Sailing boat races are mass participation events with a long and healthy future in front of them for exactly this reason. I do wonder what is going to happen with kite racing if we don’t start to address this right away – and by ‘this’ I mean the lack of a great ‘fun’ race class where the average kiter can turn up and enjoy racing without being scared away by the €15k price tag of competitive equipment and the even bigger concern of coming last in every race. The Formula Kite Europeans also took place in Poland in August (yes, a kite event that went ahead!). Around 120 riders competed and the fleets look strong and healthy, but we are still four years out from Paris 2024 and there are still a lot of riders' hopes and aspirations on the line. As the cycle develops the number of riders is more than likely going to decline as competitors find it all too hard; either realising that they don’t have the requisite level of skill, or simply lose interest with the commitment and dedication required to stay competitive. From my perspective there has to be something more to kite racing than just the Olympic class fleet and the burden to provide it lands pretty much exclusively at the feet of the IKA and national sailing associations. They are the governing bodies for kiteboard racing and their own mission statement reads, ‘To grow, evolve and promote all aspects of kiteboarding...’. Club racing, fun racing... call it what you will... might not be the sexiest side of our sport, but without it kiteboard racing is a summit without a mountain to stand on.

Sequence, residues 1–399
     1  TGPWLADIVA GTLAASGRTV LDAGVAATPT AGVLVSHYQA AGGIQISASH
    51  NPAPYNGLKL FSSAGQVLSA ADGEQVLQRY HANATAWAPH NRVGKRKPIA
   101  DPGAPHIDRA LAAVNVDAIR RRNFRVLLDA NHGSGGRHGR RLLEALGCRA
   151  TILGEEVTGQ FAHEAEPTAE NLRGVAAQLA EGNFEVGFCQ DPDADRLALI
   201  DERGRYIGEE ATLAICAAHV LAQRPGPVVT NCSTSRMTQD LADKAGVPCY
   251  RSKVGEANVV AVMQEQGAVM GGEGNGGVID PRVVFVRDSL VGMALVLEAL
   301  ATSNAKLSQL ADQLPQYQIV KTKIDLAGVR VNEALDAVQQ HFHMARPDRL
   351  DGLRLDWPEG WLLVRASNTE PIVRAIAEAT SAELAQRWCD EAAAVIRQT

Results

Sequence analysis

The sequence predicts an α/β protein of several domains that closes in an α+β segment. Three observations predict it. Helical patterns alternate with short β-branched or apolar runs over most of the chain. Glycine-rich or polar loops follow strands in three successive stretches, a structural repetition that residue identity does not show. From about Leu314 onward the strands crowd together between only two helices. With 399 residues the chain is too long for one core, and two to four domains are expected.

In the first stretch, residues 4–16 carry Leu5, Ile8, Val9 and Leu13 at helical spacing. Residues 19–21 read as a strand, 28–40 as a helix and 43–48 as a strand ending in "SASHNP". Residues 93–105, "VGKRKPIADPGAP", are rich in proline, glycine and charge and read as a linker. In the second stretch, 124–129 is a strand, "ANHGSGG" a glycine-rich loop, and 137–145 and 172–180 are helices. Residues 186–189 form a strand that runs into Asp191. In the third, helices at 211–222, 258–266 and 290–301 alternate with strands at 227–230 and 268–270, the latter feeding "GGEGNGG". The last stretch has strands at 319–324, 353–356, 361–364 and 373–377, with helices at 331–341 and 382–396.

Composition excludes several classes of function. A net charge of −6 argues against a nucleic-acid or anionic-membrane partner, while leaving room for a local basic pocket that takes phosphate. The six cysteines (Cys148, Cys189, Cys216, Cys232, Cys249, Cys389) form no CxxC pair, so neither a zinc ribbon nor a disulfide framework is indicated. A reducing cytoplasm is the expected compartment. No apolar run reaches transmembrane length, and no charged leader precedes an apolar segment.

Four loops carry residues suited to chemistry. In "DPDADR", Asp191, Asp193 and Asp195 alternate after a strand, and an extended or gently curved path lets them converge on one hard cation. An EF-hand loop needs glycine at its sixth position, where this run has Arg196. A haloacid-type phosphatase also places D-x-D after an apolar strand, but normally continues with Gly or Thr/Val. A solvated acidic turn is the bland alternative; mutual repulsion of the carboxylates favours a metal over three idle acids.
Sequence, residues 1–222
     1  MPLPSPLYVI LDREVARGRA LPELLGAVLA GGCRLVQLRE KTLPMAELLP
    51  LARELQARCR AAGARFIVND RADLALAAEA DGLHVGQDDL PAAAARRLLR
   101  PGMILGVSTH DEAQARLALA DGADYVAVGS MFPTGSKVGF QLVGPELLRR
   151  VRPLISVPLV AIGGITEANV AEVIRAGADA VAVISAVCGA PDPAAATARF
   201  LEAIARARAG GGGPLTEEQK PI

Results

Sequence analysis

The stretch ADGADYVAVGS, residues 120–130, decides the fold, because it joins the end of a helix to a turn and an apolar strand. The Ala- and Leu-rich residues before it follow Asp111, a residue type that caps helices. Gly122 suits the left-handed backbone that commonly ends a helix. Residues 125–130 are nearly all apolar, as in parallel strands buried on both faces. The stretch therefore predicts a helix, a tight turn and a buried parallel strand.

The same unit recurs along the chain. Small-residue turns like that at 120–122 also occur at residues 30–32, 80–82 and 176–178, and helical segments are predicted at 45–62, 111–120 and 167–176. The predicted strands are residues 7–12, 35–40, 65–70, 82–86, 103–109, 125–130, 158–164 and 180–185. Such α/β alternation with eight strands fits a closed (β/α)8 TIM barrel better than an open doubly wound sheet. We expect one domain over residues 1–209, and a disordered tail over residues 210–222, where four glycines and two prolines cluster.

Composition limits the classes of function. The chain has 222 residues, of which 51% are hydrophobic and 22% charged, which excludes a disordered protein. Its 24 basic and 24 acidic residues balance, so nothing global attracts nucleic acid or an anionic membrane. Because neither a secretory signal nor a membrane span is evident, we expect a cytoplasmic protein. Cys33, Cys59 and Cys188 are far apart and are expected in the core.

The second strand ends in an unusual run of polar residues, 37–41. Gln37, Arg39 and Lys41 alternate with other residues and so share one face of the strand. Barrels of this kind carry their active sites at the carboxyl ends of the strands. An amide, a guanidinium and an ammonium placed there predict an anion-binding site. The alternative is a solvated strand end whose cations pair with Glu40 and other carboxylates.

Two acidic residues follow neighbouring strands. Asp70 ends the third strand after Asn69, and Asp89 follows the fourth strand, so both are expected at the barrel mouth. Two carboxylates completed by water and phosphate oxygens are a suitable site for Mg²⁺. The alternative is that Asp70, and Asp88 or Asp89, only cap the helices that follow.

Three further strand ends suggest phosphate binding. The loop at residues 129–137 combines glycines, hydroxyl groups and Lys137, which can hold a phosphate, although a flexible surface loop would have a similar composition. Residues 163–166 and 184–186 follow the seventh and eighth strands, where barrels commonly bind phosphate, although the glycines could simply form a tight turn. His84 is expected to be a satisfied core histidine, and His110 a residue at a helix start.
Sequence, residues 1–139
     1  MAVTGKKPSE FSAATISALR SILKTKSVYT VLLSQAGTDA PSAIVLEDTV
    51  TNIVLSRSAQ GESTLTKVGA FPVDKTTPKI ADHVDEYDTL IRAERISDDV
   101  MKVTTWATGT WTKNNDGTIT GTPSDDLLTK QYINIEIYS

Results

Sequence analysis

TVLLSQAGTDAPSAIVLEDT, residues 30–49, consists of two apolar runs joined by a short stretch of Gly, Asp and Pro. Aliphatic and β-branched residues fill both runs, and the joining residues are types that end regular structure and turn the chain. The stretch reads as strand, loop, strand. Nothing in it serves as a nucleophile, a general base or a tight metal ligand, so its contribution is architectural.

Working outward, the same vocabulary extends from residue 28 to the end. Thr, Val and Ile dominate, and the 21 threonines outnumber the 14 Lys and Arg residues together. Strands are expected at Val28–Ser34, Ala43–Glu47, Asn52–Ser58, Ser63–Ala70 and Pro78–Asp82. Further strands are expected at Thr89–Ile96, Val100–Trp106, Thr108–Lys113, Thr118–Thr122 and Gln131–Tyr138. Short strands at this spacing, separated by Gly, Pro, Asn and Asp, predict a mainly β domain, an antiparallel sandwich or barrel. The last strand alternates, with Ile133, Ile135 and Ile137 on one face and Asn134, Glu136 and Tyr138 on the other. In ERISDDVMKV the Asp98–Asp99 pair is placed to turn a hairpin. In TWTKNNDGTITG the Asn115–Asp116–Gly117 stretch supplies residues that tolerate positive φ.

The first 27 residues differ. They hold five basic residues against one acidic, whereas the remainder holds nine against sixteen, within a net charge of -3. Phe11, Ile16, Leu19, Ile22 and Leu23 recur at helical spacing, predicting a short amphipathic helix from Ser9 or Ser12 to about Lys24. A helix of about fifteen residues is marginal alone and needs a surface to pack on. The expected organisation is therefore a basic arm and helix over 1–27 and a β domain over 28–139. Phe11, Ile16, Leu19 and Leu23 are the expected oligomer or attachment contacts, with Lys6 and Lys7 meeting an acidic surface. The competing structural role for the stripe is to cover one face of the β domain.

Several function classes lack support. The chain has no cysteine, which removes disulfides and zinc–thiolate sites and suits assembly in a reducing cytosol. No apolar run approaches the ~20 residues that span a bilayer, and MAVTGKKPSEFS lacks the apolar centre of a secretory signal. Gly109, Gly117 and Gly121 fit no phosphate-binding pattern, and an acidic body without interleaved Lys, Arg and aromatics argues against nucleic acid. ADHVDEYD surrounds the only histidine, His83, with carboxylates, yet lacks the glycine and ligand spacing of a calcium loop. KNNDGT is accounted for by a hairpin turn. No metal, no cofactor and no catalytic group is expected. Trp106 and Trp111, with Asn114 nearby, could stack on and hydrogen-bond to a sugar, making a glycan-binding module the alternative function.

I don’t want to sound negative about Olympic racing – it is a truly insane sport and puts all other sailing classes in the shadow. The speeds, the range of conditions and the closeness of the racing is all breath-taking, not just for kiteboarders, but for the general public, too. The current short course format is easy to understand and extremely exciting to watch with the top four or five competitors often finishing a race within seconds of each other. Our inclusion into the Olympics is a fantastic opportunity to showcase what our sport is capable of and therefore attracting new participants – a vital element for the sport to further develop and evolve. However, now is the time to build foundations for the future, not pat ourselves on the back for what we have achieved so far…

Who needs international travel when Poland, where Mark lives, has been putting on a summer of fine events?! Here he is with his better half, Malwina, at the annual Summer Kite Festival on the Polish / German border – before the usual evening mayhem ensued...